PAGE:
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Acer-Gateway deal is valued at $710 million USD

There is big news out of the computer world today. Acer today announced that it has reached a definitive agreement to purchase U.S.-based Gateway, Inc. Gateway is currently ranked as the fourth largest PC manufacturer in the U.S. with shipments of over 20 million PCs per year.

The acquisition is estimated to be valued at $710 million USD ($1.90 per share) and is expected to be finalized in December 2007.

"This strategic transaction is an important milestone in Acer's long history" said Acer chairman J.T. Wang. "The acquisition of Gateway and its strong brand immediately completes Acer's global footprint, by strengthening our US presence. This will be an excellent addition to Acer's already strong positions in Europe and Asia.  Upon acquiring Gateway, we will further solidify our position as number three PC vendor globally."

"Joining with Acer will enable us to bring even more value to the consumer segments we serve and capitalize on Acer's highly regarded supply chain operations and global reach to expand the scope of the Gateway and eMachines brands around the world," remarked Gateway CEO Ed Coleman.  "Acer has made impressive strides in the global PC market and the board and I welcome this merger."

From statements made by representatives for both companies, it appears that the eMachines brand -- which Gateway acquired 2004 for roughly $262 million USD -- and Gateway brand will live on under Acer's massive wings. The retention of the brands also means that Gateway will likely continue to flaunt its "cow heritage" much like the Chick-fil-A restaurant chain.

Almost exactly one year ago, it was reported that John Hui offered $450 million USD to purchase Gateway's retail division. The bid, however, was never accepted by Gateway. "I am very disappointed that Gateway has chosen not to constructively engage in discussions with me and my advisors on the proposal that I sent to you on Aug. 3," said Hui in August, 2006. "I believe that management and the board need to adopt a sense of urgency to address Gateway's problems."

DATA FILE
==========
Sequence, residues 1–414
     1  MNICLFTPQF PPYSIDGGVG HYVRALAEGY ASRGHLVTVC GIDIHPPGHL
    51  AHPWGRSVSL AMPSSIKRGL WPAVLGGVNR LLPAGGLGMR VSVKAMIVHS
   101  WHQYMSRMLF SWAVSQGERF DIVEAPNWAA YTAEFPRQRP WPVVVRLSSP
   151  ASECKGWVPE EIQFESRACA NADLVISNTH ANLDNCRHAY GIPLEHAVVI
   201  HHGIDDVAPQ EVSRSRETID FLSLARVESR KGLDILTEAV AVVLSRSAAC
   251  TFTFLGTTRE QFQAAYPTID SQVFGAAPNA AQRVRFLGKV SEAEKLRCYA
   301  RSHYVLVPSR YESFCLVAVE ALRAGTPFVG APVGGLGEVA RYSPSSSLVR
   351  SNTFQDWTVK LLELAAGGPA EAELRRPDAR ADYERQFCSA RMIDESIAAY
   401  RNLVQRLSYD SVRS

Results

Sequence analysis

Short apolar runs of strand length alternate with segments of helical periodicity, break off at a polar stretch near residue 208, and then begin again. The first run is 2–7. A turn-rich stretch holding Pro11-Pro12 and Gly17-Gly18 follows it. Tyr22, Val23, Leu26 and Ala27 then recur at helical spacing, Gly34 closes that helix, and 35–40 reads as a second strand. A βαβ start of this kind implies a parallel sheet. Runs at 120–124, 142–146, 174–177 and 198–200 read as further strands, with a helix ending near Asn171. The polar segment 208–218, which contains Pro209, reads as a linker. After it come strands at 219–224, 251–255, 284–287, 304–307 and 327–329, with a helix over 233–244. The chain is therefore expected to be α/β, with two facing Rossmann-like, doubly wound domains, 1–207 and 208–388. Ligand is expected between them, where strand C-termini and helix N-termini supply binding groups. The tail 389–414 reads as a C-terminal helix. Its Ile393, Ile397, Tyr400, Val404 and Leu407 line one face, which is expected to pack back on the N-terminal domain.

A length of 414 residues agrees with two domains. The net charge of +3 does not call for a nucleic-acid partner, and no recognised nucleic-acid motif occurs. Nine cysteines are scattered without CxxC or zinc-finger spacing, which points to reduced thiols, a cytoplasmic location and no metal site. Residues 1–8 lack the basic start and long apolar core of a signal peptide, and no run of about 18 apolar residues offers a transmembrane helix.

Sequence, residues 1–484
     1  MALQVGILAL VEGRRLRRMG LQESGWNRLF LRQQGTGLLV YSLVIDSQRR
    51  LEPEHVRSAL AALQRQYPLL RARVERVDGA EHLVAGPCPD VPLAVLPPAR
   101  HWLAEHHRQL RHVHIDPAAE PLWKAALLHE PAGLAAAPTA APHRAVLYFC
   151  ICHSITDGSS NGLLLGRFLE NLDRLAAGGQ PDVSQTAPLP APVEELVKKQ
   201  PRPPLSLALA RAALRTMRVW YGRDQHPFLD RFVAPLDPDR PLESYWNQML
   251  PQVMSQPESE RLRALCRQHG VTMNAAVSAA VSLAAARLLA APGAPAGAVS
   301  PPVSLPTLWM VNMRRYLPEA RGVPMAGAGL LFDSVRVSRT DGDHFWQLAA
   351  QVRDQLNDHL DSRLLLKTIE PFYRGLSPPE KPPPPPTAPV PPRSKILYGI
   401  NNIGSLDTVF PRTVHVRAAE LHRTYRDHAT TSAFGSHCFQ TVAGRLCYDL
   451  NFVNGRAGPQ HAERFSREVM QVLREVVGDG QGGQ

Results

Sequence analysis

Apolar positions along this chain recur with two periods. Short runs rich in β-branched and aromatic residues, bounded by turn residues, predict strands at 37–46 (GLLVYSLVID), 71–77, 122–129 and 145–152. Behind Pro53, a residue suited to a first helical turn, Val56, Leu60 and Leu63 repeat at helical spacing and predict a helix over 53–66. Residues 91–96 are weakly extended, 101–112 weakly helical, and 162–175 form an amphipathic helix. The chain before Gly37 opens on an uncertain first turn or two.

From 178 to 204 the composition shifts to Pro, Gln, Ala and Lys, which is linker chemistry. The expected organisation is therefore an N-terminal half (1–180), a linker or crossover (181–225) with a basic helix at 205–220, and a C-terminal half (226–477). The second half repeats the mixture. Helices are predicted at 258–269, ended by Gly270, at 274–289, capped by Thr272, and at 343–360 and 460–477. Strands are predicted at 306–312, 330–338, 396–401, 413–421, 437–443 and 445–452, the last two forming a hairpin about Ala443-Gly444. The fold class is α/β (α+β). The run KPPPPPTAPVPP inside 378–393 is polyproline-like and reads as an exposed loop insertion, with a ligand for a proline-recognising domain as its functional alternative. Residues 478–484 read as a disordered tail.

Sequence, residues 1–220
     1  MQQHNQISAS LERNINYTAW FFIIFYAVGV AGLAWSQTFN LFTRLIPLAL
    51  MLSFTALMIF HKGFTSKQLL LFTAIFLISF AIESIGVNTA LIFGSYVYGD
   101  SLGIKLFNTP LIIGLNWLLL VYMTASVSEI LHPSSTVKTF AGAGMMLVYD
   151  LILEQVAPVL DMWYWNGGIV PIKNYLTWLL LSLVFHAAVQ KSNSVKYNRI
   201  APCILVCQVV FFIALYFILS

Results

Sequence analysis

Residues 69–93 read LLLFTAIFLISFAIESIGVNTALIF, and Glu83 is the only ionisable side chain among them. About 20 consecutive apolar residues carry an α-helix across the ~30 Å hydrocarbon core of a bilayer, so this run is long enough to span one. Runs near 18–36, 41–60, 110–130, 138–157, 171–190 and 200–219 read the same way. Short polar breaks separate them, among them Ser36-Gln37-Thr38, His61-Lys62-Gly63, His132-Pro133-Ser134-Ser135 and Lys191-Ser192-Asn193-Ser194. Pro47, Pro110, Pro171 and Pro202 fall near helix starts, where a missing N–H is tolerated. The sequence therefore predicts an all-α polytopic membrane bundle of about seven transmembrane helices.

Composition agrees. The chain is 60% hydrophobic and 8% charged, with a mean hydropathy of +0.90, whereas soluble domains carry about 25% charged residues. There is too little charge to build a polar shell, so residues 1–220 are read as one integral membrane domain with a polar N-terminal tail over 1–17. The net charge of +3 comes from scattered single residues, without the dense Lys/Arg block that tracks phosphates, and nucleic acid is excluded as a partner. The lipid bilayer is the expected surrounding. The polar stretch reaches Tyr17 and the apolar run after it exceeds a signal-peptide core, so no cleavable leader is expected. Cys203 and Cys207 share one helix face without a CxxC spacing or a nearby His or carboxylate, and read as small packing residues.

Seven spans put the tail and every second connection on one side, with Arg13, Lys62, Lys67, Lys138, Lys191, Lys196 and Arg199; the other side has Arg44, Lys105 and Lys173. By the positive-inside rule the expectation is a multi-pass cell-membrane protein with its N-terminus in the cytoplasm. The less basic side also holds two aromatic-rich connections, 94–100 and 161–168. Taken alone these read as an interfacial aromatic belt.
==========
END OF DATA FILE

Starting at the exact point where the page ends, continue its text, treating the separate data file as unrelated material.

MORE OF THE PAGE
The news of Acer’s acquisition comes just weeks after Gateway’s announcement that it would enter the Chinese PC market with desktop and notebook computers.

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RE: is it just me...
By BillyBatson on 8/28/2007 6:03:37 AM , Rating: 1
From what I have known they were always very good. I remember in the pentium MMX days up until Pentrium 2 they were pretty big and pretty high end, back when you could still find NEC and Packard Bell desktops in places like Sears and Circuit City. They left the US and when they came back a short time ago they came back aiming for more low cost business but the quality goes along with the price (look at dell, dell $600 range is cheap, XPS bumps you to better quality (which was not evident from my m1330), and alienware bumps you up further but also reflects in the price).

Last I heard Acer was big in Europe?

RE: is it just me...
By selfexiled on 8/29/2007 12:59:07 PM , Rating: 2
I remember having a good experience before back around 1996. I had a 133 Pentium with the 32 MB of EDO RAM. That Acer lasted pretty well, and survived the windows 98 SE upgrade. Looking back I'm fairly impressed that they had a nearly full range of accessories and products at the time (this was before Dell rose to prominence).

I know they left the market some time after that...but everyone I know who has bought an Acer notebook recently has had a fairly good experience. I was convinced that they hold a lower market share due to lack of name recognition rather than quality issues.

In fact, until these comments I was fairly sure that Acer had mainly Mid-Range systems and less of the "craputer" status that E-Machines/Compaq/Gateway held in their hey-days.

PS can anyone attest to the lack of "bloat-ware" in Acer systems? Compared to HP system (which contains an insane amount, esp in laptops)

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